When the reality of 2020 finally hit Malaysians, never in a million years did we think weâ€™d be making jokes about anything other than flying cars and Wawasan 2020.
As fate would have it, the conflict between United States and the Islamic Republic of Iran escalated (full story HERE) and World War 3 jokes – as well as legitimate concerns – flooded social media.
With the threat of a possible conflict in the air, it turns out that Malaysia might be better prepared than we thought.
For one, Global Firepowerâ€™s (GFP) 2019 Wold Military Strength Rankings put Malaysiaâ€™s military might at a solid No 41 out of 137 countries.
The ranking is based on each nationâ€™s potential war-making capabilities across land, sea and air fought with conventional weapons. Each nation is given a power index based on geographical factors, logistical flexibility and financial stability with extra attention to available manpower.
Malaysiaâ€™s power index is 0.6523, which places us above Syria, Denmark, Iraq and Singapore. The top power index score is 0.0000, but GFP says itâ€™s realistically unattainable.
GFP points out that Malaysia’s manpower is around 15 million strong, with 12 million citizens fit for service. Malaysiaâ€™s total military personnel is estimated at 410,000 with 110,00 active personnel.
It also estimates that Malaysiaâ€™s armed forces currently have 91 fighter and attack aircrafts, 71 helicopters, 74 combat tanks, 1,460 armoured fighting vehicles, 41 patrol vessels and 2 submarines.
However, it should be noted that experts have pointed out that Malaysiaâ€™s defence spending has been declining over the years. The Star reports that we will see a projected declined of 40% from 2019-2021, leaving Malaysia behind many of its Southeast Asian neighbours.
Security analyst & professor at the National War College in Washington, Zachary Abuza told the English daily that Malaysia is behind the Philippines, Thailand, Vietnam and Singapore respectively in terms of percentage of defence spending compared to gross domestic product (GDP).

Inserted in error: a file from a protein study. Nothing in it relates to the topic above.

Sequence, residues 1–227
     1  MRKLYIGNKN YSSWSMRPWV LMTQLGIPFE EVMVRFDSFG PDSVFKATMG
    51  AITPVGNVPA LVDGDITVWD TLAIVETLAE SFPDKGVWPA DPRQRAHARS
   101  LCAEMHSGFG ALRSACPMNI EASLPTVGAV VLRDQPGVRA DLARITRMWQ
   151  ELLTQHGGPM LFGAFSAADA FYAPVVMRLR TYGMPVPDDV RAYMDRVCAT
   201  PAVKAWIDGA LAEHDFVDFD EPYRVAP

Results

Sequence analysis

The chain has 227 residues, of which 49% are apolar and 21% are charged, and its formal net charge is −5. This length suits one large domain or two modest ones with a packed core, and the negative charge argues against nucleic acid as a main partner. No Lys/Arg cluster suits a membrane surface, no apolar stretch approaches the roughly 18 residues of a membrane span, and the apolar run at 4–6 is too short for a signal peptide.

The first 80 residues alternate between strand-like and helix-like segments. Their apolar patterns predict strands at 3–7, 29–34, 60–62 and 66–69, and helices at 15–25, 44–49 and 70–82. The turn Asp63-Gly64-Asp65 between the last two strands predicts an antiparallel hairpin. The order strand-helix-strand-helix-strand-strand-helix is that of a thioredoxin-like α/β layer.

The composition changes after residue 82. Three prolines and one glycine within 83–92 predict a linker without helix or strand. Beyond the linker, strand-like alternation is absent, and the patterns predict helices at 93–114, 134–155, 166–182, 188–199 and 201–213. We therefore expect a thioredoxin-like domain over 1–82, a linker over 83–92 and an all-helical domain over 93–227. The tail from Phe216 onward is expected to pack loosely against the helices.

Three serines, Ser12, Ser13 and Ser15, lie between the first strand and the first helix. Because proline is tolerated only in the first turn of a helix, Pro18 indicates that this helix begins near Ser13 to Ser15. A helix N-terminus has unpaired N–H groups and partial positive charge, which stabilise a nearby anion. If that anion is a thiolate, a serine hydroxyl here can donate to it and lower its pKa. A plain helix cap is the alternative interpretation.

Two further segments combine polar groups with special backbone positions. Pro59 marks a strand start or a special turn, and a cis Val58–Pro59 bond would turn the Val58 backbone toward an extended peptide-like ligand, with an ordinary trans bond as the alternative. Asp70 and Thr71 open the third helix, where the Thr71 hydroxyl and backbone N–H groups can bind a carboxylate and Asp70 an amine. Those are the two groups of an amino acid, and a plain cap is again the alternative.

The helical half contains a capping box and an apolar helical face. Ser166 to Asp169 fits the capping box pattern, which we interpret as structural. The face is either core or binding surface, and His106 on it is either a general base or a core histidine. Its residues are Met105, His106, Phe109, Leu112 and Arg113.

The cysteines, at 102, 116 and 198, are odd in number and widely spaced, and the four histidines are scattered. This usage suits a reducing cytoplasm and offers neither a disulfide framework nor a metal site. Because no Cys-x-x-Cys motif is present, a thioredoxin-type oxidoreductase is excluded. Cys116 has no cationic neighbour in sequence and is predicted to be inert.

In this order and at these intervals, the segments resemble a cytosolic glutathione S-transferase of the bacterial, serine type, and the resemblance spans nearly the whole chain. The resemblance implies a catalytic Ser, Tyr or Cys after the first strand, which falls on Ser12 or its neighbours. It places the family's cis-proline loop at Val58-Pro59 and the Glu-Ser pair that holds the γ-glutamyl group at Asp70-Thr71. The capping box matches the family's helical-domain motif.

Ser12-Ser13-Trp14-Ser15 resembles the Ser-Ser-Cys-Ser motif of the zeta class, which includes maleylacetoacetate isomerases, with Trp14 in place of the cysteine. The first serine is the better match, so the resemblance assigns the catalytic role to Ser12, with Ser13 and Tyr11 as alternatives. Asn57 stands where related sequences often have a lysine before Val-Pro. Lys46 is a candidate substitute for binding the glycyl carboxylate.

The Defence Ministry has only put in the proposal to set the countryâ€™s military spending to at least 1% of the countryâ€™s annual GDP in late 2019. This was announced at the tabling of Malaysiaâ€™s first Defence White Paper (DWP) at Parliament in December 2019. FYI, DWP is a comprehensive long-term plan for the nationâ€™s defense.
That being said, it seems that Malaysia is set to make our own firearms, and potentially sell them overseas.
According to Nikkei Asian Review, plans are in motion to build Malaysiaâ€™s first domestic firearms manufacturing and assembly plant with help from Turkey.
Following the 2019 Kuala Lumpur Summit where Muslim leaders around the world gathered in Malaysia, Turkish weapons manufacturer Tisas Trabzon Silah Sanayi (Tisas) inked the deal with KOP Mantap – a company owned by Royal Malaysian Police Cooperative and local IT solutions provider, IDC Technologies.
Weapons made at the local plant is aimed to supply firearms to Malaysiaâ€™s security personnel. If it all goes to plan, the weapons made in the Malaysian plant could potentially be sold to other nations, especially Southeast Asia.
Thereâ€™s no word yet on the details of the weapons, but Tisas is providing technology transfer and industry know-how for the local arms factory. Products in Tisasâ€™s catalogue include firearms, assault rifles and pistols.
So, if World War 3 ever hits, all hope is not lost for Malaysia. In the meantime, weâ€™ll continue laughing at the memes.
She puts the pun in Punjabi. With a background in healthcare, lifestyle writing and memes, this lady's articles walk a fine line between pun-dai and pun-ishing.